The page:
do not hold against statements issued by the custodians of the
investments. IMRO firms had no equivalent requirement. This rule
resulted in considerable expense for our firms and for many demands
that IMRO and SFA rules be synchronised. The whole investment
club fiasco developed from advice issued by enforcement teams
without consulting the SFA Policy unit and then subsequently policy
had to support them. As a result, APCIMS had to develop the tedious
and administratively burdensome route for firms to follow, otherwise
the investment club movement would have been severely depleted.
We understand that banking supervision keeps such a record and
although the existing SROs do not and it would be unreasonable
to expect them to start to do so now, with the new FSA rulebook
this should be done so there is a Record of Interpretation available
to the regulators and regulated alike and accessible on the Internet.
6. THE REASONABLE
The Government has responded that the FSA, like
other public authorities, must exercise its powers reasonably
and so does not believe it is necessary to include in the legislation
a requirement for the FSA to act reasonably.
However, the existing regulatory bodiespublic
authoritiesrequire an appellant firm or individual to pay
their regulators costs if that firm, or person loses their appeal,
but if they win the appeal they cannot claim their legal costs
back from the regulator.
It is proposed that the FSA can issue guidance
which a firm abides by, but it can subsequently prosecute that
firm if it believes the firm has not acted in the "right
Neither action appears to be "reasonable".
The "Wednesbury" decision on this
matter says that as long as a public authority has taken into
account all relevant matters even if it reached an unreasonable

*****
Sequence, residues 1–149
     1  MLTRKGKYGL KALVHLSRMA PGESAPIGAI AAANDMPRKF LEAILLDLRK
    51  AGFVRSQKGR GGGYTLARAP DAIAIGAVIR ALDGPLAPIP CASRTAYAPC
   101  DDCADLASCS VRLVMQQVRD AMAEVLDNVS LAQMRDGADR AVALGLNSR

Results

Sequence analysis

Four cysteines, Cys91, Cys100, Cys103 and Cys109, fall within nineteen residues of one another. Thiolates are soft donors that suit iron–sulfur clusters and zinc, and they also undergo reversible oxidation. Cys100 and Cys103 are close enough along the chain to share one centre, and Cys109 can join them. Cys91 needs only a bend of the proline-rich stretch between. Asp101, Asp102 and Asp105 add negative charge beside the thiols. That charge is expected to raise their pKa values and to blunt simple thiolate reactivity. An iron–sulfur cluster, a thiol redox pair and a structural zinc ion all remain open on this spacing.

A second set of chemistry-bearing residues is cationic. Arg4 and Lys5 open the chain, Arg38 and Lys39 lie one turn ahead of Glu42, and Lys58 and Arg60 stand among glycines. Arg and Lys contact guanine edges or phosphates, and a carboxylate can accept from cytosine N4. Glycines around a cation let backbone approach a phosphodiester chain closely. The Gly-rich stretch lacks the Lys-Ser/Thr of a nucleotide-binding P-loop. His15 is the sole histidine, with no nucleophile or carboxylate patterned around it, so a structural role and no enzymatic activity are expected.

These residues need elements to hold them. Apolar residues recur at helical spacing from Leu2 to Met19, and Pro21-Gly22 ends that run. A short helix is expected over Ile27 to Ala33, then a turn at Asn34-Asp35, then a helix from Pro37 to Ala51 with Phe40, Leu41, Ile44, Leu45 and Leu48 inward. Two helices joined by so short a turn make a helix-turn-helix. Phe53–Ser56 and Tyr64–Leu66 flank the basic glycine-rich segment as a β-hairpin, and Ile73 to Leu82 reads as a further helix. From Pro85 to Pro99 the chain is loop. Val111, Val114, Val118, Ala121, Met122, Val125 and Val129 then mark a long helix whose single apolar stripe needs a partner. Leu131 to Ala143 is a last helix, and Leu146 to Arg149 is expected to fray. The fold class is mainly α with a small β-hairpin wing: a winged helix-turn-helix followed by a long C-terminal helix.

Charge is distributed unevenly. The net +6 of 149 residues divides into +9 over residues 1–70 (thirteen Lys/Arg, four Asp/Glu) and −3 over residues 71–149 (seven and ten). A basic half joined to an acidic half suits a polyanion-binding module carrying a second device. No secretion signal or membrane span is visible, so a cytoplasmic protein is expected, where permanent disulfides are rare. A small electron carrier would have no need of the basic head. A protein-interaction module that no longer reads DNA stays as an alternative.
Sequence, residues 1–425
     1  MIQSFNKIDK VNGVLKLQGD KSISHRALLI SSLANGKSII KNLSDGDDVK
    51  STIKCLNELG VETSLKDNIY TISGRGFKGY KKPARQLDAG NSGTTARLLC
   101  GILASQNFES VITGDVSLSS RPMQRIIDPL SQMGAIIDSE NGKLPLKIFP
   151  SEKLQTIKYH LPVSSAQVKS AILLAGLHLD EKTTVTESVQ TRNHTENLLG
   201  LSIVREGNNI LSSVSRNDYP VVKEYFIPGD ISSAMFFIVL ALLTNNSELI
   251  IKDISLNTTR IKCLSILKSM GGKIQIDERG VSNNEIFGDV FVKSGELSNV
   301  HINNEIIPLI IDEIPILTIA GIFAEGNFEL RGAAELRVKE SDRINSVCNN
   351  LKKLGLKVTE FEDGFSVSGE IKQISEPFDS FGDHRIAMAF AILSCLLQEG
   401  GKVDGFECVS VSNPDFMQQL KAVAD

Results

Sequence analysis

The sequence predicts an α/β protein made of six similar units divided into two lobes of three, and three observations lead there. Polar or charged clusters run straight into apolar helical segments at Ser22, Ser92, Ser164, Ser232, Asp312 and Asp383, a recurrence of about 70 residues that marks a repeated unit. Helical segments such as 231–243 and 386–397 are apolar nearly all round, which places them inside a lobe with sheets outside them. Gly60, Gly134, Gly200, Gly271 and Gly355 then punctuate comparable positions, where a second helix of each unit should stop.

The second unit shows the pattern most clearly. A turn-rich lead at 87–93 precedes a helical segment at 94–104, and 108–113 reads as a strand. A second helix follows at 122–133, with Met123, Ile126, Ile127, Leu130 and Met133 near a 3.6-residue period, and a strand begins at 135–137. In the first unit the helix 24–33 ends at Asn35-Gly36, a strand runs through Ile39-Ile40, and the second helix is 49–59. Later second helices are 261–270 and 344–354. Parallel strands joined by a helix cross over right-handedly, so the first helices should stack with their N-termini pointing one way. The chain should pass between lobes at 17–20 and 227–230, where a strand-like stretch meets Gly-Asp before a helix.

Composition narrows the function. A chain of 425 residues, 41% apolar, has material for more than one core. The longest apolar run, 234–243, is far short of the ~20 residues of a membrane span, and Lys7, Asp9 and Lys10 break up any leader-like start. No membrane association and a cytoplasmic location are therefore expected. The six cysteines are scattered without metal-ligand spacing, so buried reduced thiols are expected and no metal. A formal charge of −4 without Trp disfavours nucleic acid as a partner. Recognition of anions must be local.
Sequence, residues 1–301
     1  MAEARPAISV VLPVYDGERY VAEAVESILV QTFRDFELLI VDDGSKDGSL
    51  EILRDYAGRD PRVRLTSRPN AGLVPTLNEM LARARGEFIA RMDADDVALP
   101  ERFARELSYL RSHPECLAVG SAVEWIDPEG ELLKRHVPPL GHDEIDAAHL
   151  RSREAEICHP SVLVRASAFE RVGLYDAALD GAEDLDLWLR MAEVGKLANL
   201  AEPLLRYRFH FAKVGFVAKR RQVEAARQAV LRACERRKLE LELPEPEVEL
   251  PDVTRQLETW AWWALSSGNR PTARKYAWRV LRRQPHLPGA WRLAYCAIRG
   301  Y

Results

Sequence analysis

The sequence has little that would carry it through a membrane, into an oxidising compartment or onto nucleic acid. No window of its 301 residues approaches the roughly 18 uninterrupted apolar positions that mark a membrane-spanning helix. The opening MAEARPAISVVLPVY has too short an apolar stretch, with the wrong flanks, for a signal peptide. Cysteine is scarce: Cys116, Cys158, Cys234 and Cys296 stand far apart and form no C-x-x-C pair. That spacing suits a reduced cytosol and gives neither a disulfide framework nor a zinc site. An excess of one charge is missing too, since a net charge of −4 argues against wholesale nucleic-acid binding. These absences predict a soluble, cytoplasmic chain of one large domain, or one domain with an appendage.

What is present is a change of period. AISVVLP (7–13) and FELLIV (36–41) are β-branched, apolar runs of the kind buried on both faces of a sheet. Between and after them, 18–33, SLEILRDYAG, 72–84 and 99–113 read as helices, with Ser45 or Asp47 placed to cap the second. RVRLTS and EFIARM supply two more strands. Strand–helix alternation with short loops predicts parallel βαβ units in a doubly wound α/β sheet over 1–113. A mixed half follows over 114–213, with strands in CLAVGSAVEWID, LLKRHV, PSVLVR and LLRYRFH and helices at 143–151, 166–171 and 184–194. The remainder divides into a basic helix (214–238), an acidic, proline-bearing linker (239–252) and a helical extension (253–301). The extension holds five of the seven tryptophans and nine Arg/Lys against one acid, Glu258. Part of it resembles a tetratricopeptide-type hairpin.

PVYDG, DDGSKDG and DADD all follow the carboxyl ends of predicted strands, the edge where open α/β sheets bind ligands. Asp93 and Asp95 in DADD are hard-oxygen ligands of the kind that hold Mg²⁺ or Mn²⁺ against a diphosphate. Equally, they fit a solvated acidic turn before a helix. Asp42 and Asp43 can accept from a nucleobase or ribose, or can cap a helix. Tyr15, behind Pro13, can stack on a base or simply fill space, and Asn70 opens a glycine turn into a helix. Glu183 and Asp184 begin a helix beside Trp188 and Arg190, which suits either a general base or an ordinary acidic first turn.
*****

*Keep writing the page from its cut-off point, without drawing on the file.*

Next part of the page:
decision, it would not be considered to have acted unreasonably.
It could only be considered as acting unreasonably if it reached
a decision that no reasonable regulator could have reached. So
as a reasonable regulator can reach an unreasonable decision,
there is not much comfort here for a regulated firm. Especially
as a court would not have the authority to substitute its own
view as to what was a reasonable decision for that of the FSA.
For there to be a good relationship between
regulator and the regulated, a requirement for the FSA to exercise
its powers reasonably should be explicitly included in the Bill.
The alternative proposed by Government of Judicial Review is costly
and for practical purposes only available to large institutions,
those on legal aid or the legal profession acting for itself.
7. THE DISCIPLINARY
We consider that a much fairer procedure to
that currently proposed would be as follows:
The FSA notifies a firm that it considered
to have acted in breach of the rules and, accordingly, that the
FSA is considering taking disciplinary action.
If it disputes this, the firm has
the opportunity to present its case along with the regulators
to the FSA Enforcement Committee composed of a majority of external
practitioners and with a Chairman from one of the external practitioners.
The firm or individual would have
the option to appear in front of the Committee to make their case
should they choose to do so.
Even after the case has been heard
by this Committee, both the FSA and the firm would retain the
right to appeal against the decision to the independent tribunal
Only after the final decision on
disciplinary action would consideration be given to fines or other
penalties by the Enforcement Committee.
No publicity given to the case until
after all procedures have been fulfilled.
8. MARKET ABUSE
Market abuse is the combination of action and
motivation from those who undertake it, but in so doing other
innocent parties can find themselves inadvertently involved. If
intent is not specified within the legislation, firms will be
regulated by hindsight and expected to know in advance the exact
effect that any trade may have on a market. This is a practical
impossibility as all trades on a market affect the price of the
13 April 1999